Sunday, January 5, 2020

Off Script: The Addams Family

Film: The Addams Family
Format: DVD from Cortland Public Library on basement television.

I’m just going to cut to the chase here and say that I really, really like The Addams Family and get that out of the way. There’s a lot here to love, not the least of which being the connection to both the original comics and the old black-and-white television show. It’s an update, though, and in being updated, it’s been made both darker and funnier. In the television show, the Addamses were always a touch malevolent, but in the movie, they are openly homicidal (but always in a fun way). There’s a sense of funhouse danger with the Addamses, as if they’re just having fun, but that their brand of fun includes lighthearted attempts to kill each other or guests.

This is also a movie that is so perfectly cast that it’s impossible to find complaint with it. Admittedly, Judith Malina was replaced as Grandmama by the always-adorably entertaining Carol Kane and Jimmy Workman, who played Pugsley, hasn’t done much outside of these films, but there’s a lot to praise in the casting otherwise. This movie and its sequel were the movies that made the career of Christina Ricci (who played Wednesday), and it’s always nice to see Dan Hedaya and Carel Struycken, but I’m talking specifically about the three main characters here.

Thursday, January 2, 2020

Just in Time for the Next Set of Nominations

Film: Roma
Format: Streaming video from NetFlix on basement television.

What can I say about Alfonso Cuaron’s Roma that hasn’t already been said at least a couple of dozen times. The only thing I can say that I haven’t seen anyone else say is that watching this movie completes me for my set of 2018 Oscar nominations and also finishes off the most recent incarnation of the 1001 Movies list for me. Go me! Anyway, Roma is a film that captured a lot of imaginations, but I never really heard why. People talked about it and discussed how important and meaningful the film is, but having watched it, I can’t say I was blown away. I wanted to be; I just wasn’t.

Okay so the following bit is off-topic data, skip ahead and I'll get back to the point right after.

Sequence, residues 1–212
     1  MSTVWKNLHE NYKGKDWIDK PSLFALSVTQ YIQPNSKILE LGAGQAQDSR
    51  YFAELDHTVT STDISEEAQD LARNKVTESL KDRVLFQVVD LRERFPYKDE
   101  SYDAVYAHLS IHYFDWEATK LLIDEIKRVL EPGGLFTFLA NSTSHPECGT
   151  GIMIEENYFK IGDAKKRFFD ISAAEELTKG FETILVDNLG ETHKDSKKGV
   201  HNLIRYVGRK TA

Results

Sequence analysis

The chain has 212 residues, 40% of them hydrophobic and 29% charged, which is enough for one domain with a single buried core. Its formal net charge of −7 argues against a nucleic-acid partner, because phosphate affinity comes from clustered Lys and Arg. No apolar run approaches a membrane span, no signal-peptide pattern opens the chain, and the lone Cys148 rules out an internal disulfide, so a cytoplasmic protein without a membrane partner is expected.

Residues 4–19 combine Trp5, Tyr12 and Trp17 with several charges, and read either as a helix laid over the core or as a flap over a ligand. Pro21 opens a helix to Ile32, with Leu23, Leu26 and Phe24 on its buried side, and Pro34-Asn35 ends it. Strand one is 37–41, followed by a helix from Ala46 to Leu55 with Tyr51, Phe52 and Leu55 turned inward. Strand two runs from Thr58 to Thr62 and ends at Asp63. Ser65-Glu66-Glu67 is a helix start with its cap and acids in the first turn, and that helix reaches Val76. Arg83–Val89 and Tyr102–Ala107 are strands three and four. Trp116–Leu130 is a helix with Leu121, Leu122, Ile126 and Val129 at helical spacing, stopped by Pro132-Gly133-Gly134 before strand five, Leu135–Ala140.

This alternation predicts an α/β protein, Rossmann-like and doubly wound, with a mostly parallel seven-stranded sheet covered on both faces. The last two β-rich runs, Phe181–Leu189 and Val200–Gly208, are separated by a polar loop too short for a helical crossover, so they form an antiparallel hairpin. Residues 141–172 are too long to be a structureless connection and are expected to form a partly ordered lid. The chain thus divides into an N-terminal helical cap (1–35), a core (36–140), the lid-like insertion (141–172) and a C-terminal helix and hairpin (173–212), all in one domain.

But again, what can I say about it that you don’t already know? The film gave Cuaron his third and fourth Oscars, including his second for directing. It was also the movie that seemed to announce to the world that streaming services like NetFlix were legitimate players in the movie business. There had been nominations for such movies before (Mudbound from the previous year, for instance, was also a NetFlix film), but Roma became the new poster child for telling the more traditional studios that the times, they are a’changing. Roma didn’t just get a nomination for its screenplay, after all, but also for Best Picture, Best Actress and Supporting Actress, and won for Best Cinematography, Best Foreign Language Feature, and Best Director. No other set of nominations or wins have so legitimized the streaming services in the eyes of the glitterati. Seriously, this was Oscar-winner Alfonso Cuaron working for freakin’ NetFlix!